Foreign Relations, Foreign Relations, 1969-1976, Documents on South Asia, 1969-1972
Released by the Office of the Historian



November 22, 1972




SUBJECT:   Bangladesh Debate in UNGA


The Bangladesh membership issue could come up for debate in the UN General Assembly on Friday. As it now shapes up:

--The Indians are backing and have asked us to co-sponsor a Yugoslav resolution calling for the Security Council to admit Bangladesh to the UN. Ambassador Jha has put the issue in terms that our agreeing to co-sponsor "would be giving right signals to India on a whole gamut of things" and our opposition would be interpreted as the US joining forces with China against India's interests. The Yugoslav resolution will probably win a strong majority.

--The Paks will attempt to amend the Yugoslav resolution to link Bangladesh membership with fulfillment of the UN resolutions during the India-Pakistan war last December (essentially at this point return of prisoners and withdrawal of Indian forces from Pak territory). This amendment has little or no chance of passing, although the Chinese will vote for it. We voted for a similar "linkage" amendment in the Security Council in August and then, when that was defeated, went on to vote for a simple Yugoslav-type amendment.

--A third alternative will be a separate resolution not directly linking Bangladesh admission with implementation of the UN resolutions but "associating" the two questions by treating them in the same resolution. This could take the form of an amendment
to the Yugoslav resolution. Either way, this would be unsatisfactory to the Paks and Chinese.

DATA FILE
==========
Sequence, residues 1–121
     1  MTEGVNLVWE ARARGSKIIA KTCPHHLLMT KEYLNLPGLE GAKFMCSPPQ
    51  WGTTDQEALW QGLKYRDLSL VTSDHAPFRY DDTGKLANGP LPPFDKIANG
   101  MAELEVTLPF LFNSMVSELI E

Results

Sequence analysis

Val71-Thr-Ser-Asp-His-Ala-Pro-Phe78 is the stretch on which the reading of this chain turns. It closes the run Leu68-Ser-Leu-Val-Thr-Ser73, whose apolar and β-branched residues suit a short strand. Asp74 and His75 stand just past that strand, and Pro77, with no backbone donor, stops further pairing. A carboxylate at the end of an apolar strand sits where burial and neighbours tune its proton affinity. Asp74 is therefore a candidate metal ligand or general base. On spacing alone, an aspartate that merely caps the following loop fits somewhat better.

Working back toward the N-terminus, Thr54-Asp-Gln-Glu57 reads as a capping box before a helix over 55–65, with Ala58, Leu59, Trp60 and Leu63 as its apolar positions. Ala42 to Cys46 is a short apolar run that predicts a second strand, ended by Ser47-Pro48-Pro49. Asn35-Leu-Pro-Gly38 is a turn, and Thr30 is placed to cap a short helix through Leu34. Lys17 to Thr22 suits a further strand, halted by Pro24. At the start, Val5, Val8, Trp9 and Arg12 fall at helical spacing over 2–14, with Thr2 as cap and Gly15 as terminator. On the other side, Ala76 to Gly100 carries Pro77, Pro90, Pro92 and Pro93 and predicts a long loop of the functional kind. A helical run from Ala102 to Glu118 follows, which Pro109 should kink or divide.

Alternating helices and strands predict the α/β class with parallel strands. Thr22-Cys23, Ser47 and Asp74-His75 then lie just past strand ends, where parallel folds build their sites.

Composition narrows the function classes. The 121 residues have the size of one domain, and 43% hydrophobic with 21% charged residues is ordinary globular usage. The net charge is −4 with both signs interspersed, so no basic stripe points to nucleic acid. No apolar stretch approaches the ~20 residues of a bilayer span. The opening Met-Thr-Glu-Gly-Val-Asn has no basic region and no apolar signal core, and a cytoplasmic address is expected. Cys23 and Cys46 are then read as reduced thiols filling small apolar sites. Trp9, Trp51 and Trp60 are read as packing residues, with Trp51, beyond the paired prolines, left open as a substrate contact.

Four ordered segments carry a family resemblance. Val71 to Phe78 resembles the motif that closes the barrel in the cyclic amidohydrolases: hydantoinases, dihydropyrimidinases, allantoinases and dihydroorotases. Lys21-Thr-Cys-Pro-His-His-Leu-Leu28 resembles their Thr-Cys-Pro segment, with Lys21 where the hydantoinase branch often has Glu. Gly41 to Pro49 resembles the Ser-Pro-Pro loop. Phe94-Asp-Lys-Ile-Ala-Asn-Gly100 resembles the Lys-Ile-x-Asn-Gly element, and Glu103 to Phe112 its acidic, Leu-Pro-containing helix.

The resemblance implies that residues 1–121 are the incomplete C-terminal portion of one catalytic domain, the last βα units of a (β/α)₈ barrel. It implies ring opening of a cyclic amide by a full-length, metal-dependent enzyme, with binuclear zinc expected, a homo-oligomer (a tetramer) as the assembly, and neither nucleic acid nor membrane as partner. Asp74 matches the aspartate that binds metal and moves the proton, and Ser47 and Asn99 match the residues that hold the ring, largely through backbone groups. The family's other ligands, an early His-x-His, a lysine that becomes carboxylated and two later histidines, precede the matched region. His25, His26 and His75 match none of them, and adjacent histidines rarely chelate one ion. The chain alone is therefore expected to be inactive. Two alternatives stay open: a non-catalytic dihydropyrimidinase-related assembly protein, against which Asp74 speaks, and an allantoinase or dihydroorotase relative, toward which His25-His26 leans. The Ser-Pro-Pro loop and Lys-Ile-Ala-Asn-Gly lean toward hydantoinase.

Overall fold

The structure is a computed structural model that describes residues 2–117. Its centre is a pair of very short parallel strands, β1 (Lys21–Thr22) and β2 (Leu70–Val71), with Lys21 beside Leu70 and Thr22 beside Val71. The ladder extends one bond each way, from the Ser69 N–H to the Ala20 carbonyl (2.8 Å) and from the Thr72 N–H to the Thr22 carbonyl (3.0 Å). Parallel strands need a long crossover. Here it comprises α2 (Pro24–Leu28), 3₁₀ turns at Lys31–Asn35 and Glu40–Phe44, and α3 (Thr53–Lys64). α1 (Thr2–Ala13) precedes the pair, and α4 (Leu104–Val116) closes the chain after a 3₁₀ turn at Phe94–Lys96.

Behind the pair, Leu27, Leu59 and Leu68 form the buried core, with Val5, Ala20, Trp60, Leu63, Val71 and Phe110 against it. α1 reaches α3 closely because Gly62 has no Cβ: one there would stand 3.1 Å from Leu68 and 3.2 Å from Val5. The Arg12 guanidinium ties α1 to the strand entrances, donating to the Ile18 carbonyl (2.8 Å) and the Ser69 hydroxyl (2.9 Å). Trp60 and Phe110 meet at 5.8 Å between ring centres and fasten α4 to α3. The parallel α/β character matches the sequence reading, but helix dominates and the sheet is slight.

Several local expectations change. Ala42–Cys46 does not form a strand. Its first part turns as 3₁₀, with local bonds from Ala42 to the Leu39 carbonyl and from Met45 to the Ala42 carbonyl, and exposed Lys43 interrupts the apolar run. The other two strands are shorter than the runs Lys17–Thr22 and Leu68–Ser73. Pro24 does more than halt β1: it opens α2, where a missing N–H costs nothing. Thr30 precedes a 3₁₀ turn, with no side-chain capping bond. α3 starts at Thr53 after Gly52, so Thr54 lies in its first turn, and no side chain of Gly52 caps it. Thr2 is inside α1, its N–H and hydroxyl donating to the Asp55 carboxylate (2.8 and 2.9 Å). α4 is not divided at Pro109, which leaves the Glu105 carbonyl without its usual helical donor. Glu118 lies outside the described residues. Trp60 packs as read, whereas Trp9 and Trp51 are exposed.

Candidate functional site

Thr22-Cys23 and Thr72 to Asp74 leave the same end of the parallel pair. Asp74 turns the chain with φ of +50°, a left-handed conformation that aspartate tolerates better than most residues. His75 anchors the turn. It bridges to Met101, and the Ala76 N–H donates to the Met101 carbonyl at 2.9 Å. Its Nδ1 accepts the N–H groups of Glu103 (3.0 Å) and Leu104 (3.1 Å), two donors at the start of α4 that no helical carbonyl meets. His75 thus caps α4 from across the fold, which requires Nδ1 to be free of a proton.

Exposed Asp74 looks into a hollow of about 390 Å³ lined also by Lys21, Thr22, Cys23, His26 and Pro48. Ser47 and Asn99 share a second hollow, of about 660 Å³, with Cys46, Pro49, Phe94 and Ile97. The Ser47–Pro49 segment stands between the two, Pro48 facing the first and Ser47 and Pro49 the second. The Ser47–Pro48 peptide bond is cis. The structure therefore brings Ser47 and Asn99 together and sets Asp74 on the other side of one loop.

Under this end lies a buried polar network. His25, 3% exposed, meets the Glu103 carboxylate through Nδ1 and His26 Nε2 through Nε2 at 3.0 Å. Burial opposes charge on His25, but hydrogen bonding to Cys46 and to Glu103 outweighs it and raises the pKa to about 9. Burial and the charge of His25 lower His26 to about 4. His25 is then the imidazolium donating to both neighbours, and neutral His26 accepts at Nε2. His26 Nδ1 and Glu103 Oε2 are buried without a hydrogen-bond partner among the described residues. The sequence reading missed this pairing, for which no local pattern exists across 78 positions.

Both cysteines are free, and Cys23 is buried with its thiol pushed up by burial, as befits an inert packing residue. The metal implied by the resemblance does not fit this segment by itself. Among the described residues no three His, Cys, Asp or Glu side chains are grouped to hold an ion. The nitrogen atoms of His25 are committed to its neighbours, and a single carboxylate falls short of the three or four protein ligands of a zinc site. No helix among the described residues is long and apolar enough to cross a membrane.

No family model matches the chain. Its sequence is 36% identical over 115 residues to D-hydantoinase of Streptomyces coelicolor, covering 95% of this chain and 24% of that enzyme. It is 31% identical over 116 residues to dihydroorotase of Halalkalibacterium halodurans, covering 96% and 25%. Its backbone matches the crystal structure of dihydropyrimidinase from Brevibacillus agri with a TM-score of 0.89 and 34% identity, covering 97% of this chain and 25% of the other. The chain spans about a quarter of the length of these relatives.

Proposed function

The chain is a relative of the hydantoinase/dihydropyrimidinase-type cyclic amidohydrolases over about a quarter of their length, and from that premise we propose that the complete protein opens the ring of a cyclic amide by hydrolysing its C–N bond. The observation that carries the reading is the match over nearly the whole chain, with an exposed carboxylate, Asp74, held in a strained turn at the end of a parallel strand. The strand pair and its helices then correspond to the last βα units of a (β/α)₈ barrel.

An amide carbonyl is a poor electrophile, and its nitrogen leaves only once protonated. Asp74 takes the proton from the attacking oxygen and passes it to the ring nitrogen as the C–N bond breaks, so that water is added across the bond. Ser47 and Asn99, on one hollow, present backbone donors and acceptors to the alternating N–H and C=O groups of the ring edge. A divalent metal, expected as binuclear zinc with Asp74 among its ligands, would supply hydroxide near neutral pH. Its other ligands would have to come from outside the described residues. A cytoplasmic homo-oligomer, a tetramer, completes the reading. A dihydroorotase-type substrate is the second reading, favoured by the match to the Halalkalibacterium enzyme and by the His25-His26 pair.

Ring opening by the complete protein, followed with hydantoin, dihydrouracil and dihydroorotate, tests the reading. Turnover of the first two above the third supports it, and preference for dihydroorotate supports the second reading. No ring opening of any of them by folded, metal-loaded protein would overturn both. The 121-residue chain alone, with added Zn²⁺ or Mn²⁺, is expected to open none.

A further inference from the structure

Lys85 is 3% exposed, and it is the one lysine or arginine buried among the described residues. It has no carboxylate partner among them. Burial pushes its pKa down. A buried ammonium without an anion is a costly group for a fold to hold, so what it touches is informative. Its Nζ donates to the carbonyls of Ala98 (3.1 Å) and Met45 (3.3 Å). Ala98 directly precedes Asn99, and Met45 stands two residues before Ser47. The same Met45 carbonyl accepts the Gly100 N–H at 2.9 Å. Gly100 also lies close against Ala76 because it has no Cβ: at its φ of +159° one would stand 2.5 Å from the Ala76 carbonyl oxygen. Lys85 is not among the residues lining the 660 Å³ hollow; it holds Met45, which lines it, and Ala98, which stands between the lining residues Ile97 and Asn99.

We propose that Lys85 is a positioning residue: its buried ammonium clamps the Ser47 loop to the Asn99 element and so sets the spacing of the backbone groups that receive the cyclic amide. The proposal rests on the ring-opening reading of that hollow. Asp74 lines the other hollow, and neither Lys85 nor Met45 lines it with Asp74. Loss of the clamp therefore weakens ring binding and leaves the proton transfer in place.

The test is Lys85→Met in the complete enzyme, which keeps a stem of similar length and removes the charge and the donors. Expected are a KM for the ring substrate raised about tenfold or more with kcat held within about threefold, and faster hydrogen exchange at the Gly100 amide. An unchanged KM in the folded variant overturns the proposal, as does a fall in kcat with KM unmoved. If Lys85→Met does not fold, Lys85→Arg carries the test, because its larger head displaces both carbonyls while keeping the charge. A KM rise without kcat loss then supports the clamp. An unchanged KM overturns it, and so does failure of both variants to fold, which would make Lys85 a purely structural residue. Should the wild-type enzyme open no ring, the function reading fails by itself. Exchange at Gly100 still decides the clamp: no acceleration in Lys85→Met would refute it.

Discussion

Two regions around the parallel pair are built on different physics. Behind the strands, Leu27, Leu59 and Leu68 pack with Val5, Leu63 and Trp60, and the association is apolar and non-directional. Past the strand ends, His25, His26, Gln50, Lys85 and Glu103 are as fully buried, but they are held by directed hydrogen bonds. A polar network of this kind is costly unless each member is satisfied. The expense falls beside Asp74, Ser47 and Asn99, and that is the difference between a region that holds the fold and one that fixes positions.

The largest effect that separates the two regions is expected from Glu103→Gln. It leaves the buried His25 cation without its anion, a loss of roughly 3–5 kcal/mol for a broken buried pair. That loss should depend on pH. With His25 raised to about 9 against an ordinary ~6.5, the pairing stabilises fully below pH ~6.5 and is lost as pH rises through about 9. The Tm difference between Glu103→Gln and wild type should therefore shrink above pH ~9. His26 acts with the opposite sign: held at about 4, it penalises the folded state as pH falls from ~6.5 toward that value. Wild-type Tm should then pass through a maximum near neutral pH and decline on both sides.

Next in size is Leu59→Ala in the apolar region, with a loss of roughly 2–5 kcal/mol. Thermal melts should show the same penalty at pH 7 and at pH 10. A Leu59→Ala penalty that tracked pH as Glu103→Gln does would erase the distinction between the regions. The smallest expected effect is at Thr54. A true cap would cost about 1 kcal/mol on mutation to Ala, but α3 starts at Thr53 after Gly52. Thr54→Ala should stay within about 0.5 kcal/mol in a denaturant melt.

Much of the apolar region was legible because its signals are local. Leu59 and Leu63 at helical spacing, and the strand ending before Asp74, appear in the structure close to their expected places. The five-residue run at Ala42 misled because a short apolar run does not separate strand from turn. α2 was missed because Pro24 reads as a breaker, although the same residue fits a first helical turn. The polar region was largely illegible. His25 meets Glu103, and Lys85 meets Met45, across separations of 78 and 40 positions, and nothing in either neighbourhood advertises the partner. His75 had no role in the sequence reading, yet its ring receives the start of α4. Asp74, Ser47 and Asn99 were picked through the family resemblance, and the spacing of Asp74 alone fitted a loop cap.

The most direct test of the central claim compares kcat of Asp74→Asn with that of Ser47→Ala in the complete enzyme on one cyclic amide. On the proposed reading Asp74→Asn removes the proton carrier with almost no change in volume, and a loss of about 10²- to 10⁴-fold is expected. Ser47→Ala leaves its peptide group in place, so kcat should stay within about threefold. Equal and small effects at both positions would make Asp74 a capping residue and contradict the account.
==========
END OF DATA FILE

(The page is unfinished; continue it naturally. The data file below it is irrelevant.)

There is no issue about our vote on the Yugoslav resolution as such since it is entirely consistent with the low-key position we have taken all along favoring Bangladesh admission. To co-sponsor, however, would probably be more exposure than we would want. Nor would we have any problem with a resolution or amendment "associating" but not "linking" Bangladesh membership with fulfillment of previous UN resolutions. It might even be preferable if there were support.

The only real issue, therefore, is how we want to vote on the "linkage" amendment that the Paks and Chinese are promoting. We voted for an amendment like this, which failed, in the Security Council last August and if we need to remain consistent we should do so again. The question is whether the passage of time, our having met whatever our initial agreement with the Chinese was, and our present interest in modest improvements in relations with India in any way changes the situation. As I see it, the one real question now is whether we would abstain rather than voting for a "linkage" resolution. Thus, in the end, the issue boils down to your judgment of the value of sending a positive signal to the Indians by abstaining or voting against linkage versus remaining in a consistent position relating to the Chinese (and to a lesser degree the Paks).

Recommendation: That you indicate below your preference.

Vote for "linkage" again _____

Abstain on "linkage" this time _____
Vote against "linkage" this time _____